U.N. envoy says up to big powers to bring about Syria ceasefire

GENEVA (Reuters) - The U.N. special envoy to Syria on Monday handed the responsibility of agreeing ceasefires across Syria to major powers, saying his remit was only to hold talks on a U.N. resolution on elections, governance and a new constitution.

Announcing the “official” start of peace talks to end the almost five-year civil war, Staffan De Mistura also said that if the government released women and children prisoners it would be a positive signal to pursue discussions in Geneva.

“So here comes the challenge,” he said.

“There was a message ... that when the Geneva talks actually start, in parallel there should be the beginning of a serious discussion about ceasefires,” he told reporters after meeting with the Saudi-backed, opposition High Negotiation Committee (HNC) at U.N. headquarters in Geneva.

However, this is an issue that is not in his remit, De Mistura said, and it should therefore be tackled immediately by the International Syria Support Group (ISSG).

“What I am simply saying is reminding the ISSG members of what they actually indicated – that when the actual talks would start, they themselves would start helping in ensuring that there would be a discussion about an overall ceasefire in the Syrian conflict.”

The ISSG ranges from Russia and Iran, who back Syrian President Bashar al-Assad, to the United States, Gulf Arab states, Turkey and European nations, who provide military support to rebels on the ground and demand Assad step down.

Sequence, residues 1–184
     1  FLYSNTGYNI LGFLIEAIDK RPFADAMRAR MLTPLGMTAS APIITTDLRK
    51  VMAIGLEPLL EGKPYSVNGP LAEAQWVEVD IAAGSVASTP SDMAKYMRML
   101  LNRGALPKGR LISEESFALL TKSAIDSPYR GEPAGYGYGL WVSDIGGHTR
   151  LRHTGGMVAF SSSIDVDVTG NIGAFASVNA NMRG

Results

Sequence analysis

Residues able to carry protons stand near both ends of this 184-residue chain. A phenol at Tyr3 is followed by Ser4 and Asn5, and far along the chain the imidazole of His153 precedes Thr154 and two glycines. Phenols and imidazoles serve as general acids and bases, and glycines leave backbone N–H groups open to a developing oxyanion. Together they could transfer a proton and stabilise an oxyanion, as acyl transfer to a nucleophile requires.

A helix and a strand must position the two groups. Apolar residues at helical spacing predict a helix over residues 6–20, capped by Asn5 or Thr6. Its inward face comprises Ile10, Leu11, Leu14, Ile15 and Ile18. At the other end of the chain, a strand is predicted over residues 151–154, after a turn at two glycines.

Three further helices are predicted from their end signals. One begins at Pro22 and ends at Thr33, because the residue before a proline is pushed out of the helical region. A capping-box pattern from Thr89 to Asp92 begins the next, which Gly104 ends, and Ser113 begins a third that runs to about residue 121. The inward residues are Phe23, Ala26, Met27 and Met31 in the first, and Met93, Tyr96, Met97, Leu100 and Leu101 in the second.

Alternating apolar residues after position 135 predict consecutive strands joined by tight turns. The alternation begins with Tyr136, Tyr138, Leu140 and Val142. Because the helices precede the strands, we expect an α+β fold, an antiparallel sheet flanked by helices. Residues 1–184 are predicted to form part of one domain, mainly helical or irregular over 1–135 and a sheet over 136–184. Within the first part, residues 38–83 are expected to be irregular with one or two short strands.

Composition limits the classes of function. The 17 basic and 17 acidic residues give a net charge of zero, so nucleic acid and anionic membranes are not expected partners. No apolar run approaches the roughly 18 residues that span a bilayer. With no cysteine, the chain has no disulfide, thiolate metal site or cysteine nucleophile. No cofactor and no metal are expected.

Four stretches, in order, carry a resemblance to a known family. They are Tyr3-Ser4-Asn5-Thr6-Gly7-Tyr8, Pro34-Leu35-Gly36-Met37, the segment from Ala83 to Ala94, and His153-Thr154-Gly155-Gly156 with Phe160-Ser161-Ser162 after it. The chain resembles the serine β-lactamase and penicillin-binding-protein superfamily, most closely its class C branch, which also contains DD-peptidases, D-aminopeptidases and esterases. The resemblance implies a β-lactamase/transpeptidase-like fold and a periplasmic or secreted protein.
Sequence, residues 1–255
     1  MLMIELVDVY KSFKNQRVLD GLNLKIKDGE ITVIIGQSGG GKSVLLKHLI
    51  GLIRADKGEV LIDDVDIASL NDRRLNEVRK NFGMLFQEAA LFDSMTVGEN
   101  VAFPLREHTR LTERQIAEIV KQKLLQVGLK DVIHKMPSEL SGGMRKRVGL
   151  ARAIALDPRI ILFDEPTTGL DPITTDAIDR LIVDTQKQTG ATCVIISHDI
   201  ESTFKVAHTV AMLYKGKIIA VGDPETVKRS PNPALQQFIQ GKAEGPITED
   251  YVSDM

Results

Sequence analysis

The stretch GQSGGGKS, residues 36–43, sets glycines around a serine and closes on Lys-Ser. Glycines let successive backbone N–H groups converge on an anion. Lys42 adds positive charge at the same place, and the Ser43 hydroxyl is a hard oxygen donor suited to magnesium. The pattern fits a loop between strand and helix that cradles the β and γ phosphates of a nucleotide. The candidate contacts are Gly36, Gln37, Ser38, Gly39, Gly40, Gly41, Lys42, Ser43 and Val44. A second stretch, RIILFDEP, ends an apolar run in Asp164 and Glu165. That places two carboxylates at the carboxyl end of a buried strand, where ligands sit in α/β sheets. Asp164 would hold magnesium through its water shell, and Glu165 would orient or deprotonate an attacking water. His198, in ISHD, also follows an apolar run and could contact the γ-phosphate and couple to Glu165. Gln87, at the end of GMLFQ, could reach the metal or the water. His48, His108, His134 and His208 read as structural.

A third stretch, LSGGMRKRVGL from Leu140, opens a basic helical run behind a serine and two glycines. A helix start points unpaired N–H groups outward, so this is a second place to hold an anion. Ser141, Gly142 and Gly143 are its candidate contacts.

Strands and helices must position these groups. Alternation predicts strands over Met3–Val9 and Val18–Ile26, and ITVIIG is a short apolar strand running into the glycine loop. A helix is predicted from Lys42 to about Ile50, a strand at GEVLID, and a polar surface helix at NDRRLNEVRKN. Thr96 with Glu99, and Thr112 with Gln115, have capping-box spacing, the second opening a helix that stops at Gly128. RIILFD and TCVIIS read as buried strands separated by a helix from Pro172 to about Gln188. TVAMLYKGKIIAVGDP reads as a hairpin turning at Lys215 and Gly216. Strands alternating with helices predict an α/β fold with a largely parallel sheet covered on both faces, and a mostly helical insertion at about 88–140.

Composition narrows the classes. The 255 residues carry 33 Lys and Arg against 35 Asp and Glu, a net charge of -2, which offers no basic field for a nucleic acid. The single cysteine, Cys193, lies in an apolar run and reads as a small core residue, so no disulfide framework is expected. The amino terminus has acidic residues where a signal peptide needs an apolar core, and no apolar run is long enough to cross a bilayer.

The group is scheduled tentatively to meet in Munich on Feb. 11. De Mistura called on it “to make sure that what we’re doing here has international support and not simply leaving the Syrians alone on it.”


After two hours of talks with the HNC, De Mistura said he understood its concerns to immediately reduce the suffering of Syrians on the ground. He would resume talks with the government on Tuesday to address this before meeting the opposition again.

“The (Syrian people) deserve to see and hear facts on the ground in reduction of the violence, in the fact of the detainees and in the fact of besieged areas. We feel they have a very strong point,” he said.

The HNC, which includes political and militant opponents of Assad, has indicated it will leave Geneva unless steps set out in the U.N. resolution are implemented, including releasing prisoners, lifting sieges of blockaded areas and ending bombings.

Opposition spokesman Salim al-Muslat said its delegation was waiting for government negotiators to respond to a U.N. proposal. The HNC has said it has a list of 3,000 women and children detained in government jails.

“I think that a list of names particularly of women and children detained should be the first among the signals that in fact there is something different happening,” De Mistura said.

Speaking on arrival in Geneva, senior Syrian opposition negotiator Mohamed Alloush, representing Jaish al-Islam (Islam Army), a major rebel group labelled by Russia as a terrorist organisation, said he had come to relate a message from the Syrian people of what was really taking place.

“Air strikes continue, mortars continue, the humanitarian situation is very bad,” he told reporters at Geneva airport.

“We came for solutions, but I don’t think we have a point of agreement between us. The regime wants to wipe out the opposition,” he said.

Additional reporting by Makieh Kinda; Editing by Mark Heinrich